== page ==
Let’s say you sell 100% of the shares for $1 million. Since your selling the shares personally, there will be no corporate tax applied. Instead, you will pay your personal tax rate. If that’s a 25% tax rate, you’ll only pay $250,000 compared to the potential $600,000 through the traditional model.
This option doesn’t come without limitations and drawbacks.
When you do an asset sale, typically the new owner forms a completely new business entity, purchases all the assets from your company, and transfers the name and brand equity to the new business entity. In essence, the new business is an identical twin. The business looks exactly the same but has a different EIN.
The important aspect falls to the fact that while it looks the same and serves the same need in the marketplace, all the liability associated with the previous business entity is washed away. When you sell off the shares of a company, the buyer maintains all the liability, which causes a big dip in price. The good news: that adjusted price only gets taxed once.
S-Corps, LLCs and the Tax Break
At some point, someone in the government realized the hurdle they created for small business owners desiring corporate legal protections but unable to pay twice on taxes. Thus the creation of Small Business S-election for tax filing. This gives small business owners the ability to maintain the corporate legal protections but when filing for tax purposes the profits are all pushed to the individual level only. Rather than taxing both the business entity and the owner, S-Corps give business owners the ability to combine both personal and business taxes into the owner’s personal taxes.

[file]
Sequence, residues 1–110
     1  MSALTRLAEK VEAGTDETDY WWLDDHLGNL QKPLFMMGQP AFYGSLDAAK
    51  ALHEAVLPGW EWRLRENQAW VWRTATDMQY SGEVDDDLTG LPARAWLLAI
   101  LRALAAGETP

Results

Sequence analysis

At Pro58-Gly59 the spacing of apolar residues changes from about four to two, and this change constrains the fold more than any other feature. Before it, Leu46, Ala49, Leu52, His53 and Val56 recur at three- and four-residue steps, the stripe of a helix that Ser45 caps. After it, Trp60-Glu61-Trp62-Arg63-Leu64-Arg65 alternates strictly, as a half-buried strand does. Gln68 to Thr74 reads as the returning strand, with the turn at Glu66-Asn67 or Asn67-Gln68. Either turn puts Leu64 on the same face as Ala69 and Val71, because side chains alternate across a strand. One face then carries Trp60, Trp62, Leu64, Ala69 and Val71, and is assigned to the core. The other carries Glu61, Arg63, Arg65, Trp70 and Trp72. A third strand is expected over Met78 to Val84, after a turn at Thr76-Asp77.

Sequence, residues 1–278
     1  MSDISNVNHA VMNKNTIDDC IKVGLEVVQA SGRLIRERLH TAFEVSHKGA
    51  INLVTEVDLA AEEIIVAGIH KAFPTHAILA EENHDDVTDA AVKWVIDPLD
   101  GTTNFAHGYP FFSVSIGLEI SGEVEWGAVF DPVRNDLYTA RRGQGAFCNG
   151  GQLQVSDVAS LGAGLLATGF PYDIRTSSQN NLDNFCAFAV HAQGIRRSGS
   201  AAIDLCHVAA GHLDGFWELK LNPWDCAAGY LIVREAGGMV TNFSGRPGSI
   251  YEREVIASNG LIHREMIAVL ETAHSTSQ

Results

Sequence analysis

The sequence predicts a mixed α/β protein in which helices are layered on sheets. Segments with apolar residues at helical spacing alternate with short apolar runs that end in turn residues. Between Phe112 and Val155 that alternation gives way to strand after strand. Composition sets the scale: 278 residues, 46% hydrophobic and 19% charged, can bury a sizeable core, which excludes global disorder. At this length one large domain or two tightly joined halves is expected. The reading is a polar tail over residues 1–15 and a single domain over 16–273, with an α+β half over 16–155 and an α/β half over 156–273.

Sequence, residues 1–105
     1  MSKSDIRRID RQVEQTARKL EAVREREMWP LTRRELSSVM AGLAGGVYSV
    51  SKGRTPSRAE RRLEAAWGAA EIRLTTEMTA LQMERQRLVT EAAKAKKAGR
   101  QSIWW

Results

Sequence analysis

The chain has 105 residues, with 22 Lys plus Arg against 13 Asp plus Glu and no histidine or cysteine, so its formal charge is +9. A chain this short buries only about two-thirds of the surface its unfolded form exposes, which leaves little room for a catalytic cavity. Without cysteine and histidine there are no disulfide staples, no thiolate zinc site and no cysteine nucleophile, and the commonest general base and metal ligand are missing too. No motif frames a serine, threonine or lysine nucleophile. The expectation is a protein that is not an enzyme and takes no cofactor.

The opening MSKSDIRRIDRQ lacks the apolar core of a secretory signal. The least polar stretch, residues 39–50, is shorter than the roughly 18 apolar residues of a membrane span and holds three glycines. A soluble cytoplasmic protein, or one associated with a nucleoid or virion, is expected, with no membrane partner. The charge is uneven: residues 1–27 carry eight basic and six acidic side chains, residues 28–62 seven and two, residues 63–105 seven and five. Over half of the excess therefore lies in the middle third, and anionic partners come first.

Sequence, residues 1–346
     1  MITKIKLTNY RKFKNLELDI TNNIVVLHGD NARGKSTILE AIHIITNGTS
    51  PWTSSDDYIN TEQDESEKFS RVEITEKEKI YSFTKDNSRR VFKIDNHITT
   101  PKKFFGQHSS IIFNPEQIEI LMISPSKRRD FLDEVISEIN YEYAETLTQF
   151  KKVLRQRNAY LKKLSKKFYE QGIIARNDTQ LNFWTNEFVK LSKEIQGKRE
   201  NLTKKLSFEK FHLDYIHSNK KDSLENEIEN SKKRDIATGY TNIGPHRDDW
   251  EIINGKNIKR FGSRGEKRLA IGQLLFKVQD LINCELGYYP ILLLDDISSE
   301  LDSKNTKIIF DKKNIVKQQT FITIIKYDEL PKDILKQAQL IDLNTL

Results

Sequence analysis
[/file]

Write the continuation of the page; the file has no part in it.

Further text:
When it comes to a business exit and taxes , S-Corps and LLCs are viewed in the same light.
Rather than the proceeds from the business sale being taxed twice, S-Corps and LLCs roll the profits into the owner’s personal taxes. For example, if the owner sells their business for $1 million while in a 25% tax bracket, the tax bill will roll in at $250,000. As with the traditional sale of a corporation, the new owner creates a new business entity to remove any lingering liability from the previous owner.
Importance of a Tax Strategy Going into the Sale
No business owner wants to send off the majority of their profits to the government. They’ve worked too long and hard to end up with pennies. In order to achieve a successful exit, one where you take home more of the profits from the sale of your business than Uncle Sam, it’s essential to create an exit plan with built-in tax strategies.
Regardless of if you are a C-Corp, S-Corp or LLC, there are different measures or ways of structuring the deal that limit your tax bill. The key is to implement them.
At Exit Consulting Group, we help mid to large sized businesses develop and execute strategic exit strategies. If you are thinking about retiring or passing the business on in the few years, call us today. Together we can work to ensure you realize the most profitable exit possible.